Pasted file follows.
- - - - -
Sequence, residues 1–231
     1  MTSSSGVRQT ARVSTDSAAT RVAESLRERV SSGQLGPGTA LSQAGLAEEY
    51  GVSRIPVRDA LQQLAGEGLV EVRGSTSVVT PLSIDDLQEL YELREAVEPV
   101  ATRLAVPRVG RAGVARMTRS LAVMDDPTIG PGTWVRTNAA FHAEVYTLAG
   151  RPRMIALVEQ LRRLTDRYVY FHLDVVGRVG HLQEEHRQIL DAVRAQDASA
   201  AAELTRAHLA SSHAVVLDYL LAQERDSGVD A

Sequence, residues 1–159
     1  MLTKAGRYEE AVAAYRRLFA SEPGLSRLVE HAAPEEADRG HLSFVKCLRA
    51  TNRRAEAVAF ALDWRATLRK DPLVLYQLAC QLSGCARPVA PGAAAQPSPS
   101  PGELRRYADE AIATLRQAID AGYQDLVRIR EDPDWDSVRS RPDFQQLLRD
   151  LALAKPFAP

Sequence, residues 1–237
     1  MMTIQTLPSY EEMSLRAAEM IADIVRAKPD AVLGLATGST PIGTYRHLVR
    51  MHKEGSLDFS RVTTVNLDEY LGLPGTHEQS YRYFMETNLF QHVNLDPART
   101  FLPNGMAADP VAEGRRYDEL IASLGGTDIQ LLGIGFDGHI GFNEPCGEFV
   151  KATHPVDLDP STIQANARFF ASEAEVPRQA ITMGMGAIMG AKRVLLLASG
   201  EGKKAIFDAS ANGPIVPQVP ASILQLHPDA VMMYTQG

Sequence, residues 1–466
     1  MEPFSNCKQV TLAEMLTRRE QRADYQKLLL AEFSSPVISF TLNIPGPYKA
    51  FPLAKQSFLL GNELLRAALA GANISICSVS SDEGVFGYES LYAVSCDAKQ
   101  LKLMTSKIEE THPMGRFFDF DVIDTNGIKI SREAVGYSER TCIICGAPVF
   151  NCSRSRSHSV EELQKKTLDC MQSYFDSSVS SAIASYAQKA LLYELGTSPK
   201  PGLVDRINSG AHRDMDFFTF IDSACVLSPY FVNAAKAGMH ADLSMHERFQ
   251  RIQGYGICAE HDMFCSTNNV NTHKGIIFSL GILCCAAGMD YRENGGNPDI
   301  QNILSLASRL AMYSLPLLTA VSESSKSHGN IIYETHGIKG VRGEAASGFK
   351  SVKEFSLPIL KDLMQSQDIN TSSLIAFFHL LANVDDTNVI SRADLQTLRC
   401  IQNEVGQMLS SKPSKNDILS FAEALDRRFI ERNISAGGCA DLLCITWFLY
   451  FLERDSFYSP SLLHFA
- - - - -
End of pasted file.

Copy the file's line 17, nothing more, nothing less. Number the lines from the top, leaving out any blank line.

   201  EGKKAIFDAS ANGPIVPQVP ASILQLHPDA VMMYTQG